America’s Boulevard Sports Cars: Jim Potter’s Thoughts – Motor Life, July 1956

Hi Gang…

This is one of my favorite titles for the larger and more powerful sports cars – most of which were fiberglass by ’56 – built in America.  Jim Potter, the author of this article, had been covering the fiberglass sports car revolution since ’52 in a series of articles that appeared in magazines and booklets.  Click here to review some of the articles and contributions made by Jim Potter back in the ‘50s.

In today’s article, Potter recognized that American sports cars were becoming uniquely – American.  Their size, styling, and power-to-weight ratios made them unlike most anything else the world had to offer.  If you wanted larger size, massive power, and stylish sweeping “make-a-statement” lines – you designed, bought, built, and celebrated – American.

And Potter called these cars “American Boulevard Sports Cars.”

The front cover of the magazine shows 3 cars that appeared inside the magazine, and the one of greatest interest is the bronze-colored Victress S1A roadster owned by Grant McCoon.  Here’s what’s shown inside the magazine concerning Grant’s Victress:

I’ll have more about this special Victress built by Grant McCoon in another article here soon at Forgotten Fiberglass.  In the meantime, I’ve scanned the photos with captions that appeared in today’s article.  These captions are very detailed with some great information about the cars and sometimes their builders / owners.  Definitely worth the read.

So with that, let’s delve into the article.  It’s not that long and is picture-laden, so it should be fun and informative.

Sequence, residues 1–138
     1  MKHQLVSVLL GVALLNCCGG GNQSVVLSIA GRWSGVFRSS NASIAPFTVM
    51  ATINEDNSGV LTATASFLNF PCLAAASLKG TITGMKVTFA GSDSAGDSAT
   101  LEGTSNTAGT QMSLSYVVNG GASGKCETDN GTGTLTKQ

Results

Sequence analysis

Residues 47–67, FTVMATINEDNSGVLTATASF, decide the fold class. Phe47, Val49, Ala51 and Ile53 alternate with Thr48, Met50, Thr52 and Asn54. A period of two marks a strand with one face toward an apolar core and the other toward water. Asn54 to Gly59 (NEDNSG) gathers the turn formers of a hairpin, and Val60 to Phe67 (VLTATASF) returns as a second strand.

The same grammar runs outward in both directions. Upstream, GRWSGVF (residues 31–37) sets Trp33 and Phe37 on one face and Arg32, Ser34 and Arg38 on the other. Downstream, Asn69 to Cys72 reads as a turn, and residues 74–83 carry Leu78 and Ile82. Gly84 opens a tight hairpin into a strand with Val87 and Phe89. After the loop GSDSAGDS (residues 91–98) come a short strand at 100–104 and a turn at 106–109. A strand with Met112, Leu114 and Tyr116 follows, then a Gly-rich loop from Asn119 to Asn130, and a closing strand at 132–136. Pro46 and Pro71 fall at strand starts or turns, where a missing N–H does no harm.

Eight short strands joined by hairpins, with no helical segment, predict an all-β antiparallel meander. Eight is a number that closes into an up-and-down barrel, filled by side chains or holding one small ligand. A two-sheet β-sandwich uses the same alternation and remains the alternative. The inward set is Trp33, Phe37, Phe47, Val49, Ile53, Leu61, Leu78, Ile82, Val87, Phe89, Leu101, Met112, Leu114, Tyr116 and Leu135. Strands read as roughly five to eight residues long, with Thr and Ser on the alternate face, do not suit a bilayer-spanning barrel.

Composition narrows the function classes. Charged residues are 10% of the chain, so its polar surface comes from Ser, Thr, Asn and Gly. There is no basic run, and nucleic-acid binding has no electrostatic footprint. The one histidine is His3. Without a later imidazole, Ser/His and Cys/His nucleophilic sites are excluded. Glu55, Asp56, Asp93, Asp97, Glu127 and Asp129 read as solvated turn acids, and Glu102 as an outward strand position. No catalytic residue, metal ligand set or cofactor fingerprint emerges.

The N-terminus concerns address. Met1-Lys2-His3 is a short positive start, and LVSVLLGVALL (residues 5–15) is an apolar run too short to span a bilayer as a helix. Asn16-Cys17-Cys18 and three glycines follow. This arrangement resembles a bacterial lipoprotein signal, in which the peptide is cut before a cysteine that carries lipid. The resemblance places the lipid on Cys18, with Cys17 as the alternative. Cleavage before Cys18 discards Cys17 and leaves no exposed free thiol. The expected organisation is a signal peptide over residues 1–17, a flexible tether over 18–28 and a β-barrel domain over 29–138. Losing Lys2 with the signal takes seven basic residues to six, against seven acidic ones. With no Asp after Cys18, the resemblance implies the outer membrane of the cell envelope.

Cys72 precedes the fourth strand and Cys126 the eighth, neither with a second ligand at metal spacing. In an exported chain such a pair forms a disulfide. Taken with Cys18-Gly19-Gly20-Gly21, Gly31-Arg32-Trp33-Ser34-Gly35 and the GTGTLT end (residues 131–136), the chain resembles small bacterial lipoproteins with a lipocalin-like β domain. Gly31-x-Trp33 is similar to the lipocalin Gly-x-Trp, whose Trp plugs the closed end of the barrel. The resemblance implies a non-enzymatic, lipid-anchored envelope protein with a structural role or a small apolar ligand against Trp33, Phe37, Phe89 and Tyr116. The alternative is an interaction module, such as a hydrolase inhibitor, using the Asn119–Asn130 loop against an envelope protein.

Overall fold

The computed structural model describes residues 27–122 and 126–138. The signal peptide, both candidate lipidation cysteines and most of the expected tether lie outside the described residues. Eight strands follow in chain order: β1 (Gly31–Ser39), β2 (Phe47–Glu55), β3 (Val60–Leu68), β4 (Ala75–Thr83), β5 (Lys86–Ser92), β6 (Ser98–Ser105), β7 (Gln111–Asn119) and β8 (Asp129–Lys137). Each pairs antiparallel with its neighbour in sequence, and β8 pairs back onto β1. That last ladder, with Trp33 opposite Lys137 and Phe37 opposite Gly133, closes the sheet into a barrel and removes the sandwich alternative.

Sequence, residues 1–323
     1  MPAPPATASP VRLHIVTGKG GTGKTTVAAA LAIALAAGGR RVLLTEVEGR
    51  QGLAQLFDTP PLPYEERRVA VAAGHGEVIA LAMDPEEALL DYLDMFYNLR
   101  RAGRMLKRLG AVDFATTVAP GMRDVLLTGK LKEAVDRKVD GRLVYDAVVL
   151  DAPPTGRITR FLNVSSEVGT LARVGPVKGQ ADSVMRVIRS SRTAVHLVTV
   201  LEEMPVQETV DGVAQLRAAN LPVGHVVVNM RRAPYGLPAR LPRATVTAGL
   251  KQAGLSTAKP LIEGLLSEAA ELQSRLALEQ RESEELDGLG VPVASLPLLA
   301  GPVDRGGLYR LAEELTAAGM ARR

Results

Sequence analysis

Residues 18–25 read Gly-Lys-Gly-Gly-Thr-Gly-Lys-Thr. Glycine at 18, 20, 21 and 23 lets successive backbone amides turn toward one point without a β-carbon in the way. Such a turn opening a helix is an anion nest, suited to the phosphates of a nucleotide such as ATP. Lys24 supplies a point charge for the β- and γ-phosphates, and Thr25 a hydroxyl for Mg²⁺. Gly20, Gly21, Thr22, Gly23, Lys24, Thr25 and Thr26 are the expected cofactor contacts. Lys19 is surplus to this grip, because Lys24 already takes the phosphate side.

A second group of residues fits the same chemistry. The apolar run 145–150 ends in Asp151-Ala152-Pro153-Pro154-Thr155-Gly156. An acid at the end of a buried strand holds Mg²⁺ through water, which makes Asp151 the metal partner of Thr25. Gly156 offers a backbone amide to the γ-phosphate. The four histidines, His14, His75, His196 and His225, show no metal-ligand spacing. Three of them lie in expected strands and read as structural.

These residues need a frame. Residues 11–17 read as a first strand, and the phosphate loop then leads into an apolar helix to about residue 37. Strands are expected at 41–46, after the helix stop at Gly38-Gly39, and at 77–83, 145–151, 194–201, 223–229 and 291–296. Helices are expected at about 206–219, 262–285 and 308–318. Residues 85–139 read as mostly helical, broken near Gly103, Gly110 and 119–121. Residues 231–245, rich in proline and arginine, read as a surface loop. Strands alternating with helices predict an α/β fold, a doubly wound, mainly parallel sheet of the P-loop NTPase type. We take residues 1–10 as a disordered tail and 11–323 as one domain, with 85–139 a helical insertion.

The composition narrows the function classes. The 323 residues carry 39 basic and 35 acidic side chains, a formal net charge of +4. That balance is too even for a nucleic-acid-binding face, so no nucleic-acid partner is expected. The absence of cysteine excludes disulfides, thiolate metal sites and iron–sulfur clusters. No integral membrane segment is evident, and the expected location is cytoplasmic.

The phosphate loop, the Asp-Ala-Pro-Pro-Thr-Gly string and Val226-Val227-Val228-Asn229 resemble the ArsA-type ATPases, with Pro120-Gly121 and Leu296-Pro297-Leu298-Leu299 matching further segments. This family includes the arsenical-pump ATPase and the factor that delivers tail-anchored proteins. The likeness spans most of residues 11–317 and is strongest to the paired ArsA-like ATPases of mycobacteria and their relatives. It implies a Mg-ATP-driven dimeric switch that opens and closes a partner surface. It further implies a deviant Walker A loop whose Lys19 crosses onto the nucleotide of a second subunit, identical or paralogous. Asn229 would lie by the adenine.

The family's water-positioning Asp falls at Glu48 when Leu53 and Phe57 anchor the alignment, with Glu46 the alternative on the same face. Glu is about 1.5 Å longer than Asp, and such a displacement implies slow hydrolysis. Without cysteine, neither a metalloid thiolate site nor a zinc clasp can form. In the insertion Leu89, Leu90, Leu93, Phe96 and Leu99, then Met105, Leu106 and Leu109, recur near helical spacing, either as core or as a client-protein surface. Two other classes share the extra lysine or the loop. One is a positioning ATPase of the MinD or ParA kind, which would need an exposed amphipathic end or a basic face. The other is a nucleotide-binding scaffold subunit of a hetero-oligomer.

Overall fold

Go get ‘em – glass guys!

America’s Boulevard Sports Cars
The Evolution of Sports Car Design in the United States Is Giving Us a New Concept of the Sports Car
By James E. Potter

For years, the importers have had the sports car market to themselves with their British, German, and Italian machinery.  Today, that market is being invaded with remarkably surprising results by American car builders.  Significantly, the sports cars that are now being produced by Americans are not copies of the European designs with small-displacement, usually under-powered engines, but are a distinct breed all of their own.

We prefer to call them America’s Boulevard Sports Cars.

In the past, sports cars were simply not sports cars unless they had the dual purpose of general transportation or road use and could be raced on a weekend in a competition event.  Today, that definition is fast becoming a thing of the past as far as some of the American car buyers are concerned.  Actually, even the European manufacturers are recognizing the difference between a boulevard-type sports car and the competition vehicle. 

Jaguar, for instance, designed and built their D-Jaguar, a low, short-wheelbased, streamlined vehicle that simply isn’t useful for anything but competition purposes.

Yet, it is called a sports car because it meets the basic requirements by having fenders, bumpers, normal road lights, and a rear view mirror.  The same goes for Aston Martin’s DB3S, Mercedes-Benz 300SLR, the competition-bodied Ferraris, Maseratis, OSCA’s, to name a few.

Conversely, the European machine that is designed for the mass American market is becoming more luxurious in its appointments and comfort features with each succeeding model.  The austerity of the cockpit, the inadequacy of the luggage carrying area of earlier models are giving ground to the American’s demand for conveniences in the car he drives, even though it be a sports car.

Detroit, though slow in coming up with a truly small car of any type, recognized the desire of thousands of  motorists for a personal-type, sporty-looking car when production finally became a reality for the Corvette and the Thunderbird.